Home / Music / Music Review: The Noisettes – Wild Young Hearts

Music Review: The Noisettes – Wild Young Hearts

Please Share...Print this pageTweet about this on TwitterShare on Facebook0Share on Google+0Pin on Pinterest0Share on Tumblr0Share on StumbleUpon0Share on Reddit0Email this to someone

With their second release Wild Young Hearts, the London-based Noisettes have taken Brit-pop to an entirely new realm of sound. Featuring the soulful, Billie Holiday meets Dusty Springfield meets Joni Mitchell style vocals of part British, part Zimbabwean bombshell Shingai Shoniwa, backed by the guitar work of Dan Smith and the rhythms of Jamie Morrison, the trio combines the best elements of pop music from a wide range of decades, creating a synthesized sound that is fresh, exciting, and incredibly hooky.

On their first record What's the Time Mr. Wolf the band seemed to lack direction. While turning in a solid effort, the group sounded confused at how to optimally blend the wide vocal range of Ms. Shoniwa with the Brit-pop/punk tendencies of the band. The result was a collection of tracks that sounded like a vestige of the garage rock scene (think the Strokes or Libertines) counteracted with Shingai's crooning retro vocals for a product that was unique but unrefined.

But on Wild Young Hearts the band has finally found the right formula and needless to say it is a profound success. The Noisettes were first propelled into the proverbial spotlight by the success of their second single from their album, the club romping "Don't Upset the Rhythm." A solid groove that suggests some kind of modern day Blondie/Madonna hybrid, the song has become a massive hit throughout the British club scene.

Sadly yet tellingly (about the current state of the music industry) it took the song to be featured in a commercial advertising the Mazda 2 for it to get noticed by the public, But once it was, suddenly the track was soaring up the UK Singles Charts, all the way to the #2 slot. The band's first single, which is also a highlight of the album — the power pop anthem "Wild Young Hearts" — is also featured in a commercial — this time for Danone — further increasing the band's mainstream exposure.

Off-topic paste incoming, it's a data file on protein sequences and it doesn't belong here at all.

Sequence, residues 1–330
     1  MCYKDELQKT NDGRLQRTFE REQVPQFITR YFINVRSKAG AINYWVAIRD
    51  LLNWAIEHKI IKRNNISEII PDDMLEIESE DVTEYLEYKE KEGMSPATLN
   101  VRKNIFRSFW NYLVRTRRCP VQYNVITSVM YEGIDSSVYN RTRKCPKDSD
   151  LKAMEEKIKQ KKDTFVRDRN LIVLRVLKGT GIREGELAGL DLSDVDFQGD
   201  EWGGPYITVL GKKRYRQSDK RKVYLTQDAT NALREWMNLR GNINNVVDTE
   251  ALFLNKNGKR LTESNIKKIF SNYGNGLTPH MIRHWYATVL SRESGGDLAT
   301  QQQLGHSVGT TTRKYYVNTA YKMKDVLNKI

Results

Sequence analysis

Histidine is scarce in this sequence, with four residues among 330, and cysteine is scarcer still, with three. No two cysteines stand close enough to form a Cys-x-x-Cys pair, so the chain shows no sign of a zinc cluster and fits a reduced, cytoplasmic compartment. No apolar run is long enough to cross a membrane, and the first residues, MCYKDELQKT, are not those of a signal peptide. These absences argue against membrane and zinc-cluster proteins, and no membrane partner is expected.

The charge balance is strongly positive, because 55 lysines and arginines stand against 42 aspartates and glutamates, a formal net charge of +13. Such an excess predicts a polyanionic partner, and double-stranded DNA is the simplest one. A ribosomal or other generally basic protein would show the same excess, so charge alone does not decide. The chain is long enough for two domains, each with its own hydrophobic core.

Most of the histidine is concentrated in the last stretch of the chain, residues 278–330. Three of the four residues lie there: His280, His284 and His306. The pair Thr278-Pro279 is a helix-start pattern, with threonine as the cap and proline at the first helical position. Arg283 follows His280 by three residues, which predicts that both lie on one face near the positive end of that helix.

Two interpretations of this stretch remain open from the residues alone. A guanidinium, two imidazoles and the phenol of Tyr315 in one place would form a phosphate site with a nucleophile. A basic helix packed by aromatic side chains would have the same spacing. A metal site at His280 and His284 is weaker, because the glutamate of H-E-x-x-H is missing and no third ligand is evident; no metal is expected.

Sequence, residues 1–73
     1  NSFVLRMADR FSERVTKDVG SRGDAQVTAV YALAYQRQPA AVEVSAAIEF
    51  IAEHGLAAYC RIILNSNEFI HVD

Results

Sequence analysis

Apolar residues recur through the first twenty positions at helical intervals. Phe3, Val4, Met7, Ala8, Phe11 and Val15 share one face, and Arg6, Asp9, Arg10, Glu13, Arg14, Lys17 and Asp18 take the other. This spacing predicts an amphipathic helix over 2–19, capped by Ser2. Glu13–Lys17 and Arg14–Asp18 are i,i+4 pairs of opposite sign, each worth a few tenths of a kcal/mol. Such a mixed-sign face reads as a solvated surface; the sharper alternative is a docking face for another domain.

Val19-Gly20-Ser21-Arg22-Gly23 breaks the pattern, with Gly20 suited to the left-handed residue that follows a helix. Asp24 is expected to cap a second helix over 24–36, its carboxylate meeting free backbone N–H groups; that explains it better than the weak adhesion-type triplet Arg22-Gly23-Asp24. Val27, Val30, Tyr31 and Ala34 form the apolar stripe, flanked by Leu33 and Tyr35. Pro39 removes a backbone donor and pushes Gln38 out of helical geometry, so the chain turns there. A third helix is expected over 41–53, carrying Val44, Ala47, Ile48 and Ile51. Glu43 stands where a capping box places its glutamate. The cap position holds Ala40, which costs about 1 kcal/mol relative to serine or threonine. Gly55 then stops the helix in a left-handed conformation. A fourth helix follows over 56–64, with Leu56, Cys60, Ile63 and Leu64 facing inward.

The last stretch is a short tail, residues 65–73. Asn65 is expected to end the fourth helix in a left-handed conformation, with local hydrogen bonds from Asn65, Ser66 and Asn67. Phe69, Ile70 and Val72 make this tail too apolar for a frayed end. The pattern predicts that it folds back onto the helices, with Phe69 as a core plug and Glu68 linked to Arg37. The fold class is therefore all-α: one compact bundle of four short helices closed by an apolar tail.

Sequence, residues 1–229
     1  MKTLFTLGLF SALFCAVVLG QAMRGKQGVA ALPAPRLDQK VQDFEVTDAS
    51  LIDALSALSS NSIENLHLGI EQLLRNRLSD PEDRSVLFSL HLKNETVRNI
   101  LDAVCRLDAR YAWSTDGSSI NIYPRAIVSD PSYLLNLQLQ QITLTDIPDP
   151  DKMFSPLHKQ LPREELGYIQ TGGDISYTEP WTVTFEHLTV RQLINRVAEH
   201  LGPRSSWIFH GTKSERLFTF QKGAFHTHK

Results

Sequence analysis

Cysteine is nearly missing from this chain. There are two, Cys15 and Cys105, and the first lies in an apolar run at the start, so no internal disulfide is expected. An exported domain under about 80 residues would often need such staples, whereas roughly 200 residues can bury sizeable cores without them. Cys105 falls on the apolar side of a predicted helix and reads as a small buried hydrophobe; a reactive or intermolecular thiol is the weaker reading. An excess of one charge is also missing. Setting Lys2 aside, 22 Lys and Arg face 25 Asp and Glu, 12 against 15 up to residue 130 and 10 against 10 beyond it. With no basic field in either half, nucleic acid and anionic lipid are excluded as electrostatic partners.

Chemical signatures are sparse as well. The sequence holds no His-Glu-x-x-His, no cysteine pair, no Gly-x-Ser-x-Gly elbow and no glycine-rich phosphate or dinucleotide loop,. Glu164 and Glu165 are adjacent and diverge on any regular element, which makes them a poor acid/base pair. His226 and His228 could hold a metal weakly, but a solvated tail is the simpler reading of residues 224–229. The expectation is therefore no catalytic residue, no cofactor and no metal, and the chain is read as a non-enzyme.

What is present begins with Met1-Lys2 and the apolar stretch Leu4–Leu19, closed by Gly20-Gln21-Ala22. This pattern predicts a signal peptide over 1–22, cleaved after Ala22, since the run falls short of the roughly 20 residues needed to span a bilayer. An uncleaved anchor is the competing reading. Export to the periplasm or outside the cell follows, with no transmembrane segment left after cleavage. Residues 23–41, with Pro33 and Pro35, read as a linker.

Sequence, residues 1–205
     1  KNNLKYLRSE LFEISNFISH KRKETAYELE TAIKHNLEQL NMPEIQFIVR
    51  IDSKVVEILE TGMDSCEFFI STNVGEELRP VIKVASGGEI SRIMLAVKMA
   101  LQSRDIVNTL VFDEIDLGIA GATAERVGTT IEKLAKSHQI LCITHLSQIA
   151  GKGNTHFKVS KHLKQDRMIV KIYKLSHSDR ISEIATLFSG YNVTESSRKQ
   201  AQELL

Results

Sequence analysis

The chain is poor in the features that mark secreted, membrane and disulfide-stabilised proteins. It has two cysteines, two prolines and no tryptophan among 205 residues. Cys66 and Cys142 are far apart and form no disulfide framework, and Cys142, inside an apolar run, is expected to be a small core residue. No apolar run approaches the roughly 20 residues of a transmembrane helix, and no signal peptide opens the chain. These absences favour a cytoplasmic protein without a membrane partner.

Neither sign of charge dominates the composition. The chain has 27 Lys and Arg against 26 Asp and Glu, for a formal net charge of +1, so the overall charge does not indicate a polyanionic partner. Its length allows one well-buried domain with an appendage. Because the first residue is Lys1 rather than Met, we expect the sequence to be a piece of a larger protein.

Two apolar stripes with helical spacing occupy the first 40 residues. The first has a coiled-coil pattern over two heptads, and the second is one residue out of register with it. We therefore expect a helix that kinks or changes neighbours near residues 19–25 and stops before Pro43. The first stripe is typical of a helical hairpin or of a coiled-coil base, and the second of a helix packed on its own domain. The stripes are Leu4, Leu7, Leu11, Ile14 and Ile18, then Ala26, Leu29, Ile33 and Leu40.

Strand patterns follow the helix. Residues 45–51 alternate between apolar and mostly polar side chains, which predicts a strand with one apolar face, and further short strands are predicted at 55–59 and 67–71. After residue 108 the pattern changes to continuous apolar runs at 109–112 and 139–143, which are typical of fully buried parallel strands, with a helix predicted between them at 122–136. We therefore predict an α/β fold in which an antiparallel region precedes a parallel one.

The Noisettes and Shoniwa are at their best, though, when they embrace the bands' greatest strength, i.e. the lead singer's vocal abilities. This quality is finely demonstrated on the third single off of the album, the intoxicatingly infectious "Never Forget You." Featuring a sound that invokes The Crystals, The Ronettes, and Billie Holiday with distorted punk guitars and a string section for depth, "Never Forget You" is the highlight of the album, and the band's finest achievement to date.

But at no point does the record Wild Young Hearts fall off track or get bogged down with filler tracks. From polished Brit-pop jives like "Beat OF My Heart" and "So Complicated" to dark, musky expulsions like the swinging "Every Now And Then" (ready made for the next Bond film) and the elegant serenade
"Atticus," the Noisettes combine a wide range of musical influences into a signature sound that is accessible yet sophisticated and catchy yet complicated. For fans of everything from Lulu and Nancy Sinatra to Joni Mitchell and Debbie Harry, the Noisettes offer elements for everyone on this exceptional record that will undoubtedly be one of the highest quality releases of 2009.


Powered by

About Anthony Tobis